Keep Green Hammerton Green
Keep Green Hammerton Green

Green Hammerton says “NO” to 3,000 new houses

1 June 2017

A campaign group has come together in Green Hammerton, opposing the development of around 3,000 houses on their doorstep.

They groups say that it will destroy areas of prime agricultural land. The current applications, totalling 110 houses, would already increase the size of the village by 72% and the area lacks the necessary infrastructure to support.

They say they have been left shocked and outraged that Harrogate Borough Council has recommended the village as the preferred site for a new settlement.

Harrogate Borough Council held a six week consultation on its draft local plan between 11 November and 23 December 2016.

The draft local plan includes:

  • Policies to guide development
  • Sites for new homes and jobs
  • Options for a new settlement for the district
  • Allocations for Local Green Space
  • Development limits for settlements

The plan has identified areas of expanded settlement in Flaxby, Green Hammerton, Kirk Hammerton and Cattal – with a total of 2,774 houses in around 220 acres. There are also other smaller areas of development in the area identified.

See this link for the Cattal proposal New Village Plans Launched Around Cattal Railway Station

See this link for the Flaxby proposal Developers Increase Plans For Flaxby Park From 1,500 To 2,750 Homes

The residents of Green Hammerton residents say they are poised to challenge the recommendation and have formed an action group, “Keep Green Hammerton Green”



Chair of the action group Chris Chelton: We are baffled and very angry that the village has been recommended by the Council as a suitable site when there are clearly more suitable sites locally – there’s no infrastructure, poor transport links and an already very busy A59 plus it would mean the destruction of prime green field agricultural land altering our village and close community irrevocably.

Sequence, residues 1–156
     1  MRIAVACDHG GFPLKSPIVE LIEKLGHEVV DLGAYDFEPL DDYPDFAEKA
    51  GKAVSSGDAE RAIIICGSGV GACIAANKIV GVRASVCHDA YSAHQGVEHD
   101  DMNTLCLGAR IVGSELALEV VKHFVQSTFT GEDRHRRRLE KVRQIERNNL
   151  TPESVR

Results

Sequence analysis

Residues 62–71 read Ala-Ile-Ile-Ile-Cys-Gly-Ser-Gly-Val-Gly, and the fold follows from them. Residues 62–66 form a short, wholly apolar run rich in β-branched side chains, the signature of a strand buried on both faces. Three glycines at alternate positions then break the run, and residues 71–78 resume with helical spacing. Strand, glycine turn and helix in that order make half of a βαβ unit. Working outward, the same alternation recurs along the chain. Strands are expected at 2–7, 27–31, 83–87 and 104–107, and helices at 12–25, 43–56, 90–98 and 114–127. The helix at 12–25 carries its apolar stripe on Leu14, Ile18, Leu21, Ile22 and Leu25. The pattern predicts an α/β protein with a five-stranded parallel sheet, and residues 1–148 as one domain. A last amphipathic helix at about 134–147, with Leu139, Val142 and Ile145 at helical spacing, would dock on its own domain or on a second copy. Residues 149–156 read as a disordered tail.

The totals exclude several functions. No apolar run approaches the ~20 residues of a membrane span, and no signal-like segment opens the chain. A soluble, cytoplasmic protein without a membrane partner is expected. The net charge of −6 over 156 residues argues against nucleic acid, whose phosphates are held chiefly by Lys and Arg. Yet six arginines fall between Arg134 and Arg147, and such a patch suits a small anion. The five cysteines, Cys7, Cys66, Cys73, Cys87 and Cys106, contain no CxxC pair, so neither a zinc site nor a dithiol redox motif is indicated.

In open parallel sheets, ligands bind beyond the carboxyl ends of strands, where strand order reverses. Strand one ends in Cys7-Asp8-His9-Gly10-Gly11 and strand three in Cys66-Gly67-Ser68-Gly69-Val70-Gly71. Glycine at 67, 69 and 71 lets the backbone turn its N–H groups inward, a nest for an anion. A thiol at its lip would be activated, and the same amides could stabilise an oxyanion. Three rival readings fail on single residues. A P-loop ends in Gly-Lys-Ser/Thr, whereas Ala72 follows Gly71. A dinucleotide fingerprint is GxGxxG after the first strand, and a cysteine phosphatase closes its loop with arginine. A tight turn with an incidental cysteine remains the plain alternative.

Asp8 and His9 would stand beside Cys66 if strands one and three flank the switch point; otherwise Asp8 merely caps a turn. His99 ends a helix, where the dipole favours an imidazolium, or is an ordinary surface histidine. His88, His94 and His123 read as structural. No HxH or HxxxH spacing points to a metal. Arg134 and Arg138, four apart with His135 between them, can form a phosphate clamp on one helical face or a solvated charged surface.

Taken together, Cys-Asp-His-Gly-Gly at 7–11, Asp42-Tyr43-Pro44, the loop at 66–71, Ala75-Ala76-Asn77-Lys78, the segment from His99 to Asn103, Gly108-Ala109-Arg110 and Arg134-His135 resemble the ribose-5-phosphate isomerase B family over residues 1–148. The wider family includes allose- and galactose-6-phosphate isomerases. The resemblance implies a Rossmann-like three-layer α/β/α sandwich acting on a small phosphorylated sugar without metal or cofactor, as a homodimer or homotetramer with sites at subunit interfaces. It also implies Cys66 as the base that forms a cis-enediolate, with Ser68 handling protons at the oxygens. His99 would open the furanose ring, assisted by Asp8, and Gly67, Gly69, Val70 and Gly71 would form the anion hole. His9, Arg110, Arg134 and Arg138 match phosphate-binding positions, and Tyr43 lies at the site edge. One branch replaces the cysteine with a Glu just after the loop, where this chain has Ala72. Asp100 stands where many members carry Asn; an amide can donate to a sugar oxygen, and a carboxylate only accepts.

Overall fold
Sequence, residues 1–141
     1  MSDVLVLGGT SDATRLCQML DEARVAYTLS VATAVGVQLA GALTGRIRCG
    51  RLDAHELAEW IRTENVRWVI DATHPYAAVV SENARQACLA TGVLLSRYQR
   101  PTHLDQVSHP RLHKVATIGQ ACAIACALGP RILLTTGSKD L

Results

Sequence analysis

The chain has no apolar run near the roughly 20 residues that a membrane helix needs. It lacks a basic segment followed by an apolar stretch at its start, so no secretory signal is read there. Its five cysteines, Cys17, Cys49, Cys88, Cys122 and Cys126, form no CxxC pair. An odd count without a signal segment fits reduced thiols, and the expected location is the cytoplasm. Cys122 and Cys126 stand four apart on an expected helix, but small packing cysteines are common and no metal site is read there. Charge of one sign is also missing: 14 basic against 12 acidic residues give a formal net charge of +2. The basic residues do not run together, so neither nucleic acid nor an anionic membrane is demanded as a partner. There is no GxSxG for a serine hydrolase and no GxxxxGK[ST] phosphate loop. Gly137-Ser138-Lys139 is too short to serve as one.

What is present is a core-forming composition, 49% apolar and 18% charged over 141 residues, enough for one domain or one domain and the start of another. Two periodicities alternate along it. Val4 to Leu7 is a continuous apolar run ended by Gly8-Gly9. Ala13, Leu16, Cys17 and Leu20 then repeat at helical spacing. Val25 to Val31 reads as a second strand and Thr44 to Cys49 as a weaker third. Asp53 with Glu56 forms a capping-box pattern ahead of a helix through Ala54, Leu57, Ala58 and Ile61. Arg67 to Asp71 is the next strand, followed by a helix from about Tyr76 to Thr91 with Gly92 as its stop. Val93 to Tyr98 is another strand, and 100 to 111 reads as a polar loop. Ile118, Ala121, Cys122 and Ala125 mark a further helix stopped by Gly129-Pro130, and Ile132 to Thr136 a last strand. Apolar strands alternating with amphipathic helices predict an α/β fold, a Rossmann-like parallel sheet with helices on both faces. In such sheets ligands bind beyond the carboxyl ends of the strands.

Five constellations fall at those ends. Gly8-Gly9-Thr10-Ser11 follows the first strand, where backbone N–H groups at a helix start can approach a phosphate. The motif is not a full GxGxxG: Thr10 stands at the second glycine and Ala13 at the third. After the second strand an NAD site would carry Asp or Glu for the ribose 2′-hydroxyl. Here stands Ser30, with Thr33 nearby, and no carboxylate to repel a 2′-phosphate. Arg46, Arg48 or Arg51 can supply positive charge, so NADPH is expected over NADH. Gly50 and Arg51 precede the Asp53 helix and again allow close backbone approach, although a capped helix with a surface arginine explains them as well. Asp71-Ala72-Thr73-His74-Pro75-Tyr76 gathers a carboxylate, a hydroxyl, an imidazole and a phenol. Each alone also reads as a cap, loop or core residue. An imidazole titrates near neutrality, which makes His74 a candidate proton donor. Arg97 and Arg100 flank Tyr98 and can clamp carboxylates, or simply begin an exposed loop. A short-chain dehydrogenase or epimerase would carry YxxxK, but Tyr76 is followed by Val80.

Given the other possible site at Flaxby is an ideal location, the Council’s recommendation doesn’t make sense.


See this link for the land proposed for new settlement New settlement options


Chris Chelton
Chris Chelton


This settlement option – named ‘Great Hammerton’ – is designed to totally integrate the new settlement with the existing community, the only new settlement option to do so.

The action group has concerns that the developer, Commercial Estate Group, has not considered existing facilities, and that they already have a lengthy waiting lists at the doctors’ surgery and an over-subscribed village school.  Villagers say they are very concerned that developers will prioritise houses over infrastructure with no pressure to build new facilities.

Developer’s proposals also include the potential for downgrading the A59 through Green Hammerton, rerouting traffic onto a new bypass road, as well as longer term aspirations to consolidate and relocate the stations to an improved location with park and ride facilities.

Aside from highlighting reasons why Green Hammerton is not a suitable site, the Keep Green Hammerton Green action group will also be petitioning that the option at Flaxby is ideal on the basis that it’s not agricultural land being a former golf course.

The villagers will be appealing for common sense to prevail when the Council considers the plans in June.


Chris Chelton said: We are also very annoyed at the stealth of this – there was not proper consultation with villagers.  Clearly the Council think we are the line of least resistance but we will prove them wrong and are prepared to fight.

We believe this 3000 house settlement is a political hot potato that is being shunted onto us to save face despite compelling powerful arguments against it being here and equally compelling arguments for the Flaxby option.  It’s a nonsensical decision to recommend our location.


The Green Hammerton action group is also fighting a smaller development Green Hill, a possible 90 houses on prime agricultural land.



Chris Chelton said: Our lovely village, with its rich heritage and close community is under attack – we currently have 272 houses and a population of 640 with very limited infrastructure.

86 houses are currently being built despite strong protests and two other applications of 90 and 20 houses if approved would increase the size of the village by 72%.


Although the area was identified during the Local Plan process, further rounds of public consultation will be undertaken from summer 2017 onwards – Harrogate Borough Council has not yet made a formal decision regarding allocation of the site.